Thursday, February 15, 2007


You know how it is when you really hope that one act will precipitate another. The people at the bus stop who jokingly light up exclaiming "well, the bus'll definitely be along now." Going to brush your teeth because then the phone call you've been waiting for will come through just as your mouth fills with lathered up toothpaste.

In the same vein she really hoped that if she made the pastry the meat delivery man would arrive. Still wearing her (mis-matched) pyjamas, flour and butter covered hands. It had to work, didn't it?


Wednesday, February 14, 2007

A rush of humanity...for 79p

This caught my eye as I dropped off some clothes at a charity store. I can only echo the words of Jonathan Franzen in the introduction: "Read Munro! Read Munro!" Sublime.

The art of the chocolatier

After nearly being roasted alive in the library, I had to run the gauntlet of salespeople in the, very small, shopping centre. Do I want to write a will? Buy a life insurance plan? Have I had an accident? (No, but if you get any closer to my face you will). Sky? Electricity? But then I was stopped in my tracks. Thorntons.

Barking really is coming up in the world. I rang my mum to ask when it appeared. Last week came the reply. "I've been in there three times already. Only decent shop the town's got. You have to support it". Quite.

Monday, February 12, 2007

Victim Support

Emily was attacked on the tube in March last year. The assault obviously affected her but she coped reasonably well and got on with her life. She was upset when she knew the case was being closed but had soon put everything behind her.

The following February she was introduced to someone at a function by friends. By the end of the following day Emily was convinced this was the man who had attacked her. Confused and scared she did not know what to do. The following day she got up for work but spent most of the day sat on the kitchen floor crying and shaking. She was rescued by a phone call from the school's police officer who was suspicious about her absence and a comment she had made the previous day.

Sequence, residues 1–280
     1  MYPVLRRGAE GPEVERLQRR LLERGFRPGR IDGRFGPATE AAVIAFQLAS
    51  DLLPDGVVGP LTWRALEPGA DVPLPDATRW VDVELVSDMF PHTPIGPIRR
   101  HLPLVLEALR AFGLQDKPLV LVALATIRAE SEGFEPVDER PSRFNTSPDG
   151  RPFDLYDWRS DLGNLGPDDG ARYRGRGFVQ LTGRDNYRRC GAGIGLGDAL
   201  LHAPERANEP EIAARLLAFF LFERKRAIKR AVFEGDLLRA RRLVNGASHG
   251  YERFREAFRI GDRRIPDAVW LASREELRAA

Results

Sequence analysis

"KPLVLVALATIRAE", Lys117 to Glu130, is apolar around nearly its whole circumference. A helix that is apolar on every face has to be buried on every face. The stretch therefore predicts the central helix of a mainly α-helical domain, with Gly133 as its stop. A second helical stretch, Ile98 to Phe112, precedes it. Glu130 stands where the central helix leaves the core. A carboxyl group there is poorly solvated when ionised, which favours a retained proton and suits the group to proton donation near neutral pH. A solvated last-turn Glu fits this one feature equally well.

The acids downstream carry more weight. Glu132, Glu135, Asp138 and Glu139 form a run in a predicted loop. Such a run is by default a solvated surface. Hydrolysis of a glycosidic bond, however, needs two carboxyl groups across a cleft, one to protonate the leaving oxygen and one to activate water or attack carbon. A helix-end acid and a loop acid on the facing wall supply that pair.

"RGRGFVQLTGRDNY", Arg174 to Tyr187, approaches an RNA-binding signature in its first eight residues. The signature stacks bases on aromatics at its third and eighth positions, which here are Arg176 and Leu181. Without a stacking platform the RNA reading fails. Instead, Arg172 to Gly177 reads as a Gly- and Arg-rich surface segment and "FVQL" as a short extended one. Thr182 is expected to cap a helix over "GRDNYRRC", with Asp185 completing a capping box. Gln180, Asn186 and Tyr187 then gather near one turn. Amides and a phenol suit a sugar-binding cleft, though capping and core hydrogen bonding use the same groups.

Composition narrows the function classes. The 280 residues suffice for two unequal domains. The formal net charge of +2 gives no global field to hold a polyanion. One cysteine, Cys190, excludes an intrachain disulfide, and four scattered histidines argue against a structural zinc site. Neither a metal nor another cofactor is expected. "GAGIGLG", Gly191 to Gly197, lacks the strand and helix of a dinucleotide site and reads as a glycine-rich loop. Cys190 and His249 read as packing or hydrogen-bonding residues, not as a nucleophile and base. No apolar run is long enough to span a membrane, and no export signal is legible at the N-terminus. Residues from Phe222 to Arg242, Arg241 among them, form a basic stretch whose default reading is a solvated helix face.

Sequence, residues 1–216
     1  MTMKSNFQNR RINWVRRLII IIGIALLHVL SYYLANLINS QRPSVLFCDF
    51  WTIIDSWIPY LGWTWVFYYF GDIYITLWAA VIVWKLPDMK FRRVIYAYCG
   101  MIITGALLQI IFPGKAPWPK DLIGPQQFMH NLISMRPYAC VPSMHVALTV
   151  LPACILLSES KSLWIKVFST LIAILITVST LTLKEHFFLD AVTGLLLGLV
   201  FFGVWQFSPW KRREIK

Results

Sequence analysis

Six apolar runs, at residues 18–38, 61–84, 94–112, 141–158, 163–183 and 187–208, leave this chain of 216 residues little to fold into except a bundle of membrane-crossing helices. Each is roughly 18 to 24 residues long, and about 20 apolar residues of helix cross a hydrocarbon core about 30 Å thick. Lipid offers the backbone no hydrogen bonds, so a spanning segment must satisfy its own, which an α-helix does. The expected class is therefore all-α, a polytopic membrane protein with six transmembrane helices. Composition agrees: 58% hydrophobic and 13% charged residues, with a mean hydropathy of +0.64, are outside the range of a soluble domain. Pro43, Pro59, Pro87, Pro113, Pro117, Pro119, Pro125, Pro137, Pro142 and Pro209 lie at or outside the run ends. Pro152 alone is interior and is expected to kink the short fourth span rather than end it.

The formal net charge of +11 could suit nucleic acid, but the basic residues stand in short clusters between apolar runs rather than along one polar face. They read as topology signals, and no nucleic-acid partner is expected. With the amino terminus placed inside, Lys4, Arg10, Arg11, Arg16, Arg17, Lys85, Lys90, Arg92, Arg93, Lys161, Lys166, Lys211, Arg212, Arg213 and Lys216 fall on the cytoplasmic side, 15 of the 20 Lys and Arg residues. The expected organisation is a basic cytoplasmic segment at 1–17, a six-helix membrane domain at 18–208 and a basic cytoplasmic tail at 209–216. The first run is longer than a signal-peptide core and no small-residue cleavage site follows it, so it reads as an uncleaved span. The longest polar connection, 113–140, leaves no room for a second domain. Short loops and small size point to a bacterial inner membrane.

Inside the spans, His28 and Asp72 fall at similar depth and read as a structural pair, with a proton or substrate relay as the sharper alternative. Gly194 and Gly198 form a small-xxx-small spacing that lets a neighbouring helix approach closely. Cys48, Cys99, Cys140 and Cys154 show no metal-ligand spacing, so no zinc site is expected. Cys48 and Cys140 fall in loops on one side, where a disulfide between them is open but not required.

Emily and the police officer got the case reopened and Emily went back to work. Unfortunately, lots of people realised there was something wrong with Emily because she wasn't mixing and wasn't talking. (Two of the things she does best). Emily was restless, she couldn't concentrate and wanted to walk everywhere no matter how far because that was the only thing that made her feel better. She also felt permanently sick and was worried that she might burst into tears at any moment. The school's police officer suggested that going to talk to someone might make a difference.

With his help Emily made an appointment for Monday morning. She had her reservations due to an inbuilt squeamishness around anything vaguely classed as therapy but agreed if she didn't like it she didn't have to go again. Emily feels much better and now cannot stop laughing (hysterically).

Emily realises that what she'd needed all along was someone who she perceived to be intelligent to tell her what she was feeling was perfectly normal and would pass. She worked this out herself after feeling insulted and patronised by the person she saw. The 'session' has confirmed all her worst fears. Many counsellors are people who mean well and are trained to listen and to ask the right questions in the right order; not to think. Many also have a set idea of what a victim is and how they act. Emily was overjoyed to discover she didn't quite fit. She is the same person she has always been after all.

"A strutting, consequential little man"

I need to reread all 709 pages of this:

before Sunday when I go to see this:

Thursday, February 08, 2007

I love snow.